To obtain suitable operation characteristics analogous to the preferable operation characteristic shown in the curve in FIG. 7, it is preferable, as shown in FIGS. 1 and 3, to mount stops 32, 34 in the housing 10 to limit movement of the mass 18 as readily understood from FIGS. 6(A) and 6(B). In FIG. 6(A) the mass is shown located in position indicated in dotted lines when a deceleration force is applied to the housing from a directioon as indicated by arrow P, whereas, when a deceleration force is applied from a direction as indicated by arrow Q, the mass 10 is to a position as indicated by dotted lines of FIG. 6(B). When a deceleration force in the direction of P is applied, displacement of the U-configured resilient strip is limited by abutting engagement of the strip 20 with the stop 32, while, on the other hand, when a deceleration force in the direction of arrow Q applied displacement is limited by abutting engagement thereof with the stop 34. However, it will be appreciated that when a deceleration is applied within a range of azimuth angle between the arrows P and Q the strip 20 will not engage any of the stops 32 and 34 upon movement of the mass 18 to the fixed electrical contact plate 26.
Although in this embodiment shown in FIGS. 1 to 3 only two pole-shaped stops are provided, the number, shape and location of such stops are not limited to this embodiment, as far as displacement of a U-configured resilient strip is limited so that an inertia sensor switch will have a preferable operation characteristic.
The embodiment illustrated in FIG. 8 is different from the preceding embodiment in that two U-configured resilient strips 20' and 20" support a disc or mass 18' to hold it to an initial position. The corresponding parts in FIG. 8 are now designated by the same reference numerals, respectively but added by primes.
The U-configured resilient strips 20' and 20" have respective legs 20'a and 20"a fixed to a housing 10' and respective other legs 20'b and 20"b fixed to the mass 18', and they are disposed on the opposite sides of the mass 18' and in the common plane. With this construction mulfunction of a collision sensor due to vibration of the vehicle 10' can be more effectively minimized.
FIG. 9 illustrates a safety apparatus, as an example, utilizing a collision sensor of the invention, in which 36 designates trigger device for explosive charge 30, and 38 an air bag cushion. In operation, when the mass 18 moves to an actuated position upon collision of a vehicle, air bag is inflated to protect an occupant of the vehicle (not shown).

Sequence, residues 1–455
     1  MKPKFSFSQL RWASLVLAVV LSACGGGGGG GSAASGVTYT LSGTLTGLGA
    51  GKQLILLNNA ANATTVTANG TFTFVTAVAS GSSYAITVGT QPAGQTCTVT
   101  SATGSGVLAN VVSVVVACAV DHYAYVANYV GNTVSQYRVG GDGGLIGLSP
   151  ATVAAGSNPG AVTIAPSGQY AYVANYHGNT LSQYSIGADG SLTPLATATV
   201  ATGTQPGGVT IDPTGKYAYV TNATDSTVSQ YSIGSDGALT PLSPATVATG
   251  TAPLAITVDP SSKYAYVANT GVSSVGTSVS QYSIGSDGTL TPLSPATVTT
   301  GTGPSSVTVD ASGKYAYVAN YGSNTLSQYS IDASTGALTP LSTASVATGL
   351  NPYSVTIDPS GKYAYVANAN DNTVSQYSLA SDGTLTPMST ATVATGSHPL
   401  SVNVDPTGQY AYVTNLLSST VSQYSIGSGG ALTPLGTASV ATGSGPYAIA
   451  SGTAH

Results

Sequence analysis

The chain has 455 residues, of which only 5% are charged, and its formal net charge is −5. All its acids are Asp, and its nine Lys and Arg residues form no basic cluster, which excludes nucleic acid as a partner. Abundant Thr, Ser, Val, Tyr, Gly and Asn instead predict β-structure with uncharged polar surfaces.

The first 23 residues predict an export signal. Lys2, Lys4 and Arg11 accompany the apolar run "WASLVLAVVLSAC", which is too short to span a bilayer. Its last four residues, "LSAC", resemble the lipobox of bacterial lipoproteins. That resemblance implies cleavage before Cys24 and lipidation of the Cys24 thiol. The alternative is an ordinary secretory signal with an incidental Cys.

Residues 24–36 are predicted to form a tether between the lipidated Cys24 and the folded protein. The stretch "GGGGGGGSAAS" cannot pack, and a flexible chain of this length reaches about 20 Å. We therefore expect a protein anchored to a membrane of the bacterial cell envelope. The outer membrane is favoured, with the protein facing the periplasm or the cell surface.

From the preceding description, it will be appreciated that an inertia sensor switch of the invention operates within a selected range of azimuth or directional angle without mulfunction due to up and down vibration of its housing. Moreover it will be appreciated that an inertia sensor switch of the invention is simple in construction and reliable in operation without periodic maintenance service. Thus minimization of a sensor apparatus is possible. Therefore, an inertia sensor switch of the invention is particularly useful in association with vehicle equipped with a safety apparatus.
|Cited Patent||Filing date||Publication date||Applicant||Title|
|US2313549 *||May 31, 1938||Mar 9, 1943||Francois Hornain||Safety switch|
|US2972026 *||May 7, 1948||Feb 14, 1961||Kendall James M||Damped inertia switch|
|US3749863 *||Dec 30, 1971||Jul 31, 1973||Eaton Corp||Spring band biased movable contactor for hybrid crash sensor switch|
|US3832507 *||Jun 26, 1973||Aug 27, 1974||Gen Motors Corp||Sensor switch for occupant restraint system with spring fracture detection means|
|US3840088 *||Nov 13, 1972||Oct 8, 1974||Nissan Motor||Inertia-responsive switching device|
|Citing Patent||Filing date||Publication date||Applicant||Title|
|US4028516 *||Jan 8, 1975||Jun 7, 1977||Hitachi, Ltd.||Acceleration detector switch having magnetic biased conductive oscillating controller|
|US4221940 *||Jan 12, 1979||Sep 9, 1980||General Motors Corporation||Sensor|
|US4843200 *||Oct 27, 1987||Jun 27, 1989||Legrand||Switch Mechanism having a conductive contact arm with a double pivot|
|US5251907 *||Aug 14, 1992||Oct 12, 1993||Ady Daniel D||Sonic archery beacon|
|US5334963 *||Oct 22, 1992||Aug 2, 1994||The University Of Alabama In Huntsville||Inertia and inductance switches|
|DE3638360A1 *||Nov 10, 1986||May 19, 1988||Boge Ag||Accelerometer|
|U.S. Classification||200/61.45M, 200/61.48, 200/61.49, 200/61.51|
|International Classification||B60R21/00, H01H35/14, G01L5/00, B60R21/16, G01P15/135|